Given current world events I suspect a lot of people would think the video is of Afghanistan, or Pakistan, or Iraq (regardless of where MSF is actually involved). I think it is your perspective that is imposing the view that many will think it is Africa, because you work in aid. Most people, however, watch news stations focused on US military interventions.

    MSF works in conflict areas, and my point was that it’s not a stereotype if it is the reality they face. Again, the question is to what degree their work is in conflict areas. If 10-20% of their work is in conflict areas, could you not argue that it is representative of a lot of their work? What’s the threshold? Is it possible conflict areas are a larger drain on their resources.

    Major correction: MSF does not provide development aid, but humanitarian aid. And their work can be emotionally disturbing. The book Six Months in Sudan is a good example, although I’m not sure how representative (which, again, I think is the point).

    It seems a bit disingenuous to judge MSF’s efforts to grab a person’s attention based on a one-minute video. They also write books, publish reports, get media attention, etc. And my personal favourite are the blogs written by staff:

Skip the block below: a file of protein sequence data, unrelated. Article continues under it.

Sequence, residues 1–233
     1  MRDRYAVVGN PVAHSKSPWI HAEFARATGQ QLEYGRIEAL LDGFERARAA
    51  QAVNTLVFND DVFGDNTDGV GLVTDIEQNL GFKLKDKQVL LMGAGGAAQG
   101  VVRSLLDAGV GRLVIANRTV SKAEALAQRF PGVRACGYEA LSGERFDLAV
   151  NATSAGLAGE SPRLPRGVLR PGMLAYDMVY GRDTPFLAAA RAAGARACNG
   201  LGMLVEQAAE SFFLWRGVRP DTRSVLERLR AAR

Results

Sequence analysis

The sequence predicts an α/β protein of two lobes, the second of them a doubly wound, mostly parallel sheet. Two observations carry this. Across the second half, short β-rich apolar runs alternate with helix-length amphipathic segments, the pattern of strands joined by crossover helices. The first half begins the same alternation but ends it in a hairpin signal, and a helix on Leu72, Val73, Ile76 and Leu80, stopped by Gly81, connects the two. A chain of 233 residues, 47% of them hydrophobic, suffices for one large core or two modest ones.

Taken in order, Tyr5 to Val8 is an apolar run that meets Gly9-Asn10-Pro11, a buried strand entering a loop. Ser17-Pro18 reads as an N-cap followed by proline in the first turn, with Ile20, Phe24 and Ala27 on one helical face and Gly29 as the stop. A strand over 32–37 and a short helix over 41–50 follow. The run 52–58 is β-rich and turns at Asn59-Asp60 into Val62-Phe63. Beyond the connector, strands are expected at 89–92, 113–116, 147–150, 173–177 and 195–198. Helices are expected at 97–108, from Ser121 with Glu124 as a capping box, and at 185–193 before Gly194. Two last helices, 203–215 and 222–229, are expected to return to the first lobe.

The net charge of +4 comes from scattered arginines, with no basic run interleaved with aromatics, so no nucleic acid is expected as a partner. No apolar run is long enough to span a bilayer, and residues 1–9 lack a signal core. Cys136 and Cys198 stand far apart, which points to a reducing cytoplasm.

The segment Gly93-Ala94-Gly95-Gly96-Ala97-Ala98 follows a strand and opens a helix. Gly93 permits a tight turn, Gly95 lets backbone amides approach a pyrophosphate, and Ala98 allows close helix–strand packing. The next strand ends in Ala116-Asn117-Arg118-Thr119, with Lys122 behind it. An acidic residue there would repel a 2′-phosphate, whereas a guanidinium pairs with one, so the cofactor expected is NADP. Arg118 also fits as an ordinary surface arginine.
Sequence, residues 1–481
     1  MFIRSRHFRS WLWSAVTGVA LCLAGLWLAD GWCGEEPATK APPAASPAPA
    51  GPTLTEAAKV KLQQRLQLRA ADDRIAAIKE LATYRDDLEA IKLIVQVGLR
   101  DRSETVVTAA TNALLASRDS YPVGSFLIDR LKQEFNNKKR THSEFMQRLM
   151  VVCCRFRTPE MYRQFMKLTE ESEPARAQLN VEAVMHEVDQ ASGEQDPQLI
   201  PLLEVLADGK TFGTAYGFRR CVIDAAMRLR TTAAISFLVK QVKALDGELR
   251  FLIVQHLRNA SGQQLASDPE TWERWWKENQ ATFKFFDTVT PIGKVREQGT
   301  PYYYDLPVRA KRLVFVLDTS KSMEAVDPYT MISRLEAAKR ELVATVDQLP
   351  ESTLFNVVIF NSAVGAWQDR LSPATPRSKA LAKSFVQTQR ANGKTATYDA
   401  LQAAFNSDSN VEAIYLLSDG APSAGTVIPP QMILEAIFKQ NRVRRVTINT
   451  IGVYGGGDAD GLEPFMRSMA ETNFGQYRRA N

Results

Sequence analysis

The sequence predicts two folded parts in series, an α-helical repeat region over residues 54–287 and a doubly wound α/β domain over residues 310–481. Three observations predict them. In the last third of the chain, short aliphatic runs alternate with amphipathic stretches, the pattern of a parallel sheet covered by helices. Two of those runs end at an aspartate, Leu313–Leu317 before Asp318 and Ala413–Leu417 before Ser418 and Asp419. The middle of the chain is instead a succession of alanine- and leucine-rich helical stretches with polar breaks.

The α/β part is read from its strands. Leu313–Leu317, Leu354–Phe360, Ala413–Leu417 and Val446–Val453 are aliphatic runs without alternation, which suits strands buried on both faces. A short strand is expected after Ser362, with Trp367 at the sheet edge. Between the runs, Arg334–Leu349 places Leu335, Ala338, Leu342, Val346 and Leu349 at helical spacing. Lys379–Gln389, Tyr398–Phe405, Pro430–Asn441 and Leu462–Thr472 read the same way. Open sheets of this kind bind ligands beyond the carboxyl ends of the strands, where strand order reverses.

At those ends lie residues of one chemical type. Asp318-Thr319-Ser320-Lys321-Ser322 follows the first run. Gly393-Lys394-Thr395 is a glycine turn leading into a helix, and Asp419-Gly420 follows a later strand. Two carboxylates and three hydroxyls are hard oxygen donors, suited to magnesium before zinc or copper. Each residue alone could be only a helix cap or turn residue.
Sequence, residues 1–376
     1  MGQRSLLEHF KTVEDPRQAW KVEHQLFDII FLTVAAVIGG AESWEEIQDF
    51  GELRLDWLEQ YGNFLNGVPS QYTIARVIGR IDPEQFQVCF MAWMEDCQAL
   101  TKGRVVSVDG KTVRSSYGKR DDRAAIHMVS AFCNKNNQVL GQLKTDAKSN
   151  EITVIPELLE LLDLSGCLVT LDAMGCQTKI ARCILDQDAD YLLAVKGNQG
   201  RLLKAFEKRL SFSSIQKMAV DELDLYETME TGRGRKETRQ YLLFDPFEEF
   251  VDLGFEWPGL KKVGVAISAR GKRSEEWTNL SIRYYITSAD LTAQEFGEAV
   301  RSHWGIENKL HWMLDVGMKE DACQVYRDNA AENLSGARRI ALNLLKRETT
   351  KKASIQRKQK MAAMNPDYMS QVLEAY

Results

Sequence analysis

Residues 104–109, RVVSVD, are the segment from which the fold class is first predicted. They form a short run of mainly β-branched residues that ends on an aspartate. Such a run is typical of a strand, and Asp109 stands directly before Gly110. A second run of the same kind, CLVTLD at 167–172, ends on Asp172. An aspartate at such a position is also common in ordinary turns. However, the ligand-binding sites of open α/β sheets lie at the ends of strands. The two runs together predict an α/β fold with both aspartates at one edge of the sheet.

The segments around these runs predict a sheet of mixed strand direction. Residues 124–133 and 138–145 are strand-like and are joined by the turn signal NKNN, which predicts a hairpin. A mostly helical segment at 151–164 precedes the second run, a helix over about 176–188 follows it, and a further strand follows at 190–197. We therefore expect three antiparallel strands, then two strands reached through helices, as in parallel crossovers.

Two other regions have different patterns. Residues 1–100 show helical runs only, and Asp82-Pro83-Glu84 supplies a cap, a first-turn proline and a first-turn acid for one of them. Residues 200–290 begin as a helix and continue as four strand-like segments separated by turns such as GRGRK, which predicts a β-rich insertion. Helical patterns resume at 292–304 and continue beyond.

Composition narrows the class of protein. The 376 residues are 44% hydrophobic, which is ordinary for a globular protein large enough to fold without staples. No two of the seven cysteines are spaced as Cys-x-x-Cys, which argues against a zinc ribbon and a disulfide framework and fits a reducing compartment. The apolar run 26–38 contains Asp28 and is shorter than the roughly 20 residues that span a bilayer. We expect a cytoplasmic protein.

6. Matt

    November 23, 2009 at 6:50pm

    arbuckle –

    Point taken that they’ve returned to Afghanistan (a month ago), although the “Boy” ad has been out since the summer. I concede that either, especially the latest ad could really be anywhere. MSF notes that they intended to make the videos vague, suggesting that similar crises are happening on every continent:

    I don’t agree that most people would neccessarily think of Afghanistan or Iraq. The Boy ad was aimed at UK cinemagoers, who probably aren’t watching news stations focused on US military interventions (although you could argue that Afghanistan is certainly on the Brits’ minds right now).

    I apologise if I haven’t taken MSF’s extensive blog writing into account, but these ads are being aired in cinemas, which in the UK pretty much = maximum exposure.